The Government's Human Rights Bill, going through Parliament, will incorporate the European Convention on Human Rights into UK law. But the human rights pressure group Amnesty wants the Government to go much further.
"The Government needs to ensure that its own house is in order if it is to have effective influence on human rights in other countries," Amnesty's director, David Bull, said.
Amnesty produced a report today to mark the 50th anniversary of the Universal Declaration of Human Rights. It stands as a challenge to the Foreign Secretary Robin Cook's claims to be following an ethical foreign policy.
The study highlights areas where the UK falls short of international standards on human rights and calls for the Government to act on eight points.
It says Britain should ratify and observe all international human rights treaties and standards and abolish the death penalty - which is still permitted, in theory, as a punishment for some crimes.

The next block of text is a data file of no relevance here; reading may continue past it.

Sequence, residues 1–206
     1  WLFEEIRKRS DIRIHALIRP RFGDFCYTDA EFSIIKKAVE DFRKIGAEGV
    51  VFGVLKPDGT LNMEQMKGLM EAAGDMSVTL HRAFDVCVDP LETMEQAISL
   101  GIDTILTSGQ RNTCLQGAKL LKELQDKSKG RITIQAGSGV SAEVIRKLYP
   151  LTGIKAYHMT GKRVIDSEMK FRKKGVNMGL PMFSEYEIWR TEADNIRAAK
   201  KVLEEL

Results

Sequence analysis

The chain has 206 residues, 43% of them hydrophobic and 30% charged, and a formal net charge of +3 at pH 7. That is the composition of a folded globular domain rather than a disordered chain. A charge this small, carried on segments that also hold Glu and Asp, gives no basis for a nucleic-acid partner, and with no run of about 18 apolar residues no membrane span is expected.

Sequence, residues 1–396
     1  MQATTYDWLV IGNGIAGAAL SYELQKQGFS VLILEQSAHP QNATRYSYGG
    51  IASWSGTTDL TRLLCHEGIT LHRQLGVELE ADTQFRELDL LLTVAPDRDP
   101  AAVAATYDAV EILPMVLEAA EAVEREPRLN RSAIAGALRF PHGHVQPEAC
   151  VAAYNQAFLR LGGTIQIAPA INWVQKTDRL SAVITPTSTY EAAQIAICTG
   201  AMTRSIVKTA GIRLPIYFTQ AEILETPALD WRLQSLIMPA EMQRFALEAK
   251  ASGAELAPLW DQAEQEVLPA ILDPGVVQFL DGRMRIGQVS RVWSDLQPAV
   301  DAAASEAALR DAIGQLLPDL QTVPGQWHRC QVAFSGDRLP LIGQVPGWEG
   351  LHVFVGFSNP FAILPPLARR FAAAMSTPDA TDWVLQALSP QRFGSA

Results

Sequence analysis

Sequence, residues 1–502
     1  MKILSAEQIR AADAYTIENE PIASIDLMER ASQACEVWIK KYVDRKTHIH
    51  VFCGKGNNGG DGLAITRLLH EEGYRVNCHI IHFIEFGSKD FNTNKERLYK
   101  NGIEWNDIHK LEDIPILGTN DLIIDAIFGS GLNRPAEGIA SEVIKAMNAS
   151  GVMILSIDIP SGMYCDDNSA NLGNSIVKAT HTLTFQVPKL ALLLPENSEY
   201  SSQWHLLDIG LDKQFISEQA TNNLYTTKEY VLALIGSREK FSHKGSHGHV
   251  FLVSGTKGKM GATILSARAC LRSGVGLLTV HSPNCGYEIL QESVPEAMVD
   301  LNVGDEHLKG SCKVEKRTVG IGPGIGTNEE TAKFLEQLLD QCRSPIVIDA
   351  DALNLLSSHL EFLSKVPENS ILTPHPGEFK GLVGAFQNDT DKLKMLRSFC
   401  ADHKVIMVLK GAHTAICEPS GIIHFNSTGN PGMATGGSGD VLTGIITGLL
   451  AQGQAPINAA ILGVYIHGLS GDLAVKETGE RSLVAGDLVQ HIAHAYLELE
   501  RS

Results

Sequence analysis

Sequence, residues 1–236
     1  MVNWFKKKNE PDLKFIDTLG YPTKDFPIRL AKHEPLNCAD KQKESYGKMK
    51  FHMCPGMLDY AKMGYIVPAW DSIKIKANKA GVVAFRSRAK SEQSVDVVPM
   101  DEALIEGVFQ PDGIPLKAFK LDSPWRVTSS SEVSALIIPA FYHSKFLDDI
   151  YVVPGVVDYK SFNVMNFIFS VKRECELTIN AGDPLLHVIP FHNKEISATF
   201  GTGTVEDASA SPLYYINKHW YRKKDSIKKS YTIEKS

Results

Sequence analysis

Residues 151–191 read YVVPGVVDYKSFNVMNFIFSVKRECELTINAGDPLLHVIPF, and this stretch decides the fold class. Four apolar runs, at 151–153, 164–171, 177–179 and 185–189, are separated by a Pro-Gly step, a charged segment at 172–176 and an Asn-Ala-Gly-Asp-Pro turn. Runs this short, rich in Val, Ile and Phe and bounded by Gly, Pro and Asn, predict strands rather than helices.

The Government should also take every opportunity to raise human rights issues with international bodies such as the United Nations and European Union and ensure human rights issues are adequately reflected in foreign policies.
Inside the UK, every asylum claim should be scrutinised carefully to ensure that foreigners at risk of persecution are not forced to go home. Arms exports must be continually monitored and controlled.
The Government should also increase the openness and transparency of its human rights policies and decision-making, and support the establishment of a permanent and independent International Criminal Court.Reuse content